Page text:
This dissertation deals with the dynamics of collective action in free and open source software (FOSS) projects. Thereby the following questions are primarily answered:
i) Is the problem of collective action shaped by dynamical forces?
ii) How are different types of motivation related to the dynamics of collective action?
It is basically hypothesized that different development phases provide distinct incentives, opportunities, and limitations for contribution to FOSS. It is therefore assumed that developers with different types of motivation are differently attracted by diverse development phases. The relationship between development phases and motivation is firstly modulated by network externalities and switching costs respectively by the S-shaped production function of software. Secondly, the relationship is heavily affected by incremental decision making that changes payoffs for the developers. It improves the information of the successor and allows antecessors to make a credible commitment and fosters conditional cooperation.
The conducted empirica1 study supports the basic assumption that there is a relationship between development phases and motivation. Based on the findings of this dissertation one may presume that i) collective action is, depending on the production function of a collective good, to a greater or lesser extent shaped by dynamical forces and that ii) different types of motivation are related to the dynamics of collective action a1though there is no fix or universa1 relationship for a11 types of collective action.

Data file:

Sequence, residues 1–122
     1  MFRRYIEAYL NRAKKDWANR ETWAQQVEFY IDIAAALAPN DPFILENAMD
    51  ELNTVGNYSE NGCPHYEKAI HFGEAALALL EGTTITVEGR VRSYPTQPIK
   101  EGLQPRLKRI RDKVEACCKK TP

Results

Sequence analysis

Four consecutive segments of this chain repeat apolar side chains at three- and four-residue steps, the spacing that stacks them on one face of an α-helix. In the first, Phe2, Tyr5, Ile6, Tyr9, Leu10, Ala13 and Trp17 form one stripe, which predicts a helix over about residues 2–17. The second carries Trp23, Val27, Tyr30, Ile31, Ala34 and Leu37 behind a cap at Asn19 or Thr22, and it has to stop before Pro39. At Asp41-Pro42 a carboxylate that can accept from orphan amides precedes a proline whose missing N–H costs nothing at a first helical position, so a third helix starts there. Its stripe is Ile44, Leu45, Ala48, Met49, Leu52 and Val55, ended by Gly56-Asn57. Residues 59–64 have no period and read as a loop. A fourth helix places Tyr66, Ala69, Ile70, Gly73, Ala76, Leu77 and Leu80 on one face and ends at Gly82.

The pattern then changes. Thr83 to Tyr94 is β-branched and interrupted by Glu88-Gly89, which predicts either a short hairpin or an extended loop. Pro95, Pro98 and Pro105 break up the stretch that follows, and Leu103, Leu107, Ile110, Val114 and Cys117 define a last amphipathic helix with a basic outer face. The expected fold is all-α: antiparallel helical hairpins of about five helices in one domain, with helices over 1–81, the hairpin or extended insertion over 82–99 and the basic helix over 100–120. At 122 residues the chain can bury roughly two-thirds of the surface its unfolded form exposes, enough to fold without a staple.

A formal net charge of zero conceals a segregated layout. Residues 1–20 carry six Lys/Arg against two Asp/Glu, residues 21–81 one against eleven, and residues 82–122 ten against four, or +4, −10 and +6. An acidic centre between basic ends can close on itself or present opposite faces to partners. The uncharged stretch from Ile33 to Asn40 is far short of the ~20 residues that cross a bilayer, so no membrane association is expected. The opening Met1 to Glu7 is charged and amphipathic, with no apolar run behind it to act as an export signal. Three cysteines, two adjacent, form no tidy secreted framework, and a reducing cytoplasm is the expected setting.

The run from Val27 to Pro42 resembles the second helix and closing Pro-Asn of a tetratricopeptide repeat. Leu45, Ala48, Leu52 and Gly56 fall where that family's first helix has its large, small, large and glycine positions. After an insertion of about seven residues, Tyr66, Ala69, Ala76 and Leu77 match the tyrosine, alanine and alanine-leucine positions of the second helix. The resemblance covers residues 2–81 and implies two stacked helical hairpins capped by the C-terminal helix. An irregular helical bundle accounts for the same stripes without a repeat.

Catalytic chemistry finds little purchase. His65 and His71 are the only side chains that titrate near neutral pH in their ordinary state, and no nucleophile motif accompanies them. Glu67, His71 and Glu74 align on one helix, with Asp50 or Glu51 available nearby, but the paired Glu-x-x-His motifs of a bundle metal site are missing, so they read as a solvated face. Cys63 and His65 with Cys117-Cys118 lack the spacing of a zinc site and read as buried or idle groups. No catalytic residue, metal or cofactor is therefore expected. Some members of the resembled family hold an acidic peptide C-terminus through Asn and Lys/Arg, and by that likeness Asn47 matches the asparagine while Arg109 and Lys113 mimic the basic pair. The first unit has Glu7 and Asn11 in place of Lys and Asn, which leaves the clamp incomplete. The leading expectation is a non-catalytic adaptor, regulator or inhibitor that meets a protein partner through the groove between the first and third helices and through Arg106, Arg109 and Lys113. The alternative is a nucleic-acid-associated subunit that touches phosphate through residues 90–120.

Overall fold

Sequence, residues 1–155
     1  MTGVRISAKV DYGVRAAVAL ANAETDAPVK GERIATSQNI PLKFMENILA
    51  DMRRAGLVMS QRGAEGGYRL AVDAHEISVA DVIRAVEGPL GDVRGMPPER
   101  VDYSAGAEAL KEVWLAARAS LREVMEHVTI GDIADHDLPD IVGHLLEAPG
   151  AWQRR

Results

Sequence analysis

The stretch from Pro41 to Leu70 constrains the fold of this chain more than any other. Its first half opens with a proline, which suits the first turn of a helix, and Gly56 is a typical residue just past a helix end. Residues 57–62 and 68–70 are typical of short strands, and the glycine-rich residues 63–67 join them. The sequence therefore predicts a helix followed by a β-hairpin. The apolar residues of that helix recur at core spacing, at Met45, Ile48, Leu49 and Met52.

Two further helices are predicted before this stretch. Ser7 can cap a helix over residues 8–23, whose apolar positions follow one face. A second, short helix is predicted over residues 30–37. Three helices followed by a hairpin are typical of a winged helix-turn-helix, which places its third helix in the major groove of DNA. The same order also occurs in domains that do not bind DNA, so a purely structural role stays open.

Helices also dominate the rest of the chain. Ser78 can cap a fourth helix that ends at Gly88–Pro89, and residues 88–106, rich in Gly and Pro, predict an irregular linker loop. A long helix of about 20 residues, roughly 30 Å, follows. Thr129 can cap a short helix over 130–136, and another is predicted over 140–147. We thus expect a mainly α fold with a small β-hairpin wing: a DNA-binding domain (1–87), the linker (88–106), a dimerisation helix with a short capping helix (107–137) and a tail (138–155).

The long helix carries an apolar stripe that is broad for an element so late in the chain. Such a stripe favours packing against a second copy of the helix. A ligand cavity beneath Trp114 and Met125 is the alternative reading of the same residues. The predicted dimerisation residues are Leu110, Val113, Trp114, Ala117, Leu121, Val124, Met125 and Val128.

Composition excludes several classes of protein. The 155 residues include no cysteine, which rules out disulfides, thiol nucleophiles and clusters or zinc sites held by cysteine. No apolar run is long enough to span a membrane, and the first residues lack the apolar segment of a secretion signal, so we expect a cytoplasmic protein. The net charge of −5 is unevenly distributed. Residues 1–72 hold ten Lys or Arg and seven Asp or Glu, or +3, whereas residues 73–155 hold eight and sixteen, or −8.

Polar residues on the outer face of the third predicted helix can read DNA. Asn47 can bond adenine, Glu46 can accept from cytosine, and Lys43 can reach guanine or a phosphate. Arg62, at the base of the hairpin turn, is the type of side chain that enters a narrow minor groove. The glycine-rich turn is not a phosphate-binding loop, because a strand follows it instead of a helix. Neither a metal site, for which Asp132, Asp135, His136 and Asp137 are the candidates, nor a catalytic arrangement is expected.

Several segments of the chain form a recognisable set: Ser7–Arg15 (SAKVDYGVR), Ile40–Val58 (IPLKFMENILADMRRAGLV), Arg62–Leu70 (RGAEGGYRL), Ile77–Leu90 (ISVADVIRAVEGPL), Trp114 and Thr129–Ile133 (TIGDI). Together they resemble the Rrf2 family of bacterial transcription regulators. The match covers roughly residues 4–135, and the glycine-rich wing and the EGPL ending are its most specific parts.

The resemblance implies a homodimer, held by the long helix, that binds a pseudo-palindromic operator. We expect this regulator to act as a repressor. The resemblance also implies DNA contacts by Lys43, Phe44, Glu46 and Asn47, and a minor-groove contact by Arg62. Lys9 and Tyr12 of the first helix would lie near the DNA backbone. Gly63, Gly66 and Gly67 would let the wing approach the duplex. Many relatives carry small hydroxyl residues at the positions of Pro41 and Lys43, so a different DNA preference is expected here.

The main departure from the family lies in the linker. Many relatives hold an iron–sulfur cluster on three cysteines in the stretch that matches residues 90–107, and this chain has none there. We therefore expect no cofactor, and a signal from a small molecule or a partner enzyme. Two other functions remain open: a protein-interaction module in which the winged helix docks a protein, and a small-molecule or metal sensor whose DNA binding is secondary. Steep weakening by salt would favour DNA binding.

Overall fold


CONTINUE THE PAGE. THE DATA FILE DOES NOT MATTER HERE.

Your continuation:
As hypothesized the motivation related to human capital increases in the initia1 phase, decreases in the intermediate phase, and increases in the mature phase of FOSS development. The relationship between peer recognition and FOSS development is, as suggested, u-shaped. Investments in reputation increases with FOSS development going on not logarithmically as suggested but linearly.
However, not all predictions concerning the relationship between motivation and development phases proved to be correct (or almost correct). Contrary to the hypothesis pro socia1 motivation increases about linearly during development. Also not in line with the hypothesis personal requirement answers to human capital.
Fun seeking was wrongly thought to decrease linearly in FOSS development because autonomy was predicted to vanish linearly. The data shows, however, clearly that fun seeking remains almost constant. The reason for this rather surprising finding may be that autonomy remains a1so more or less stable in all development phases. This result may be connected to the self-selection mechanism found in FOSS development. Because fun seeking is the most important type of motivation in FOSS development this has far reaching implications.
Commercia1 projects may have a hard time to reproduce self-selection mechanisms. Employed programmers should select tasks to accomplish that are in the interest of the employer. In consequence, commercial projects that intend taking advantage of the FOSS production model should either deliberately foster other motivation types than fun seeking or treat the autonomy of their employees with special care.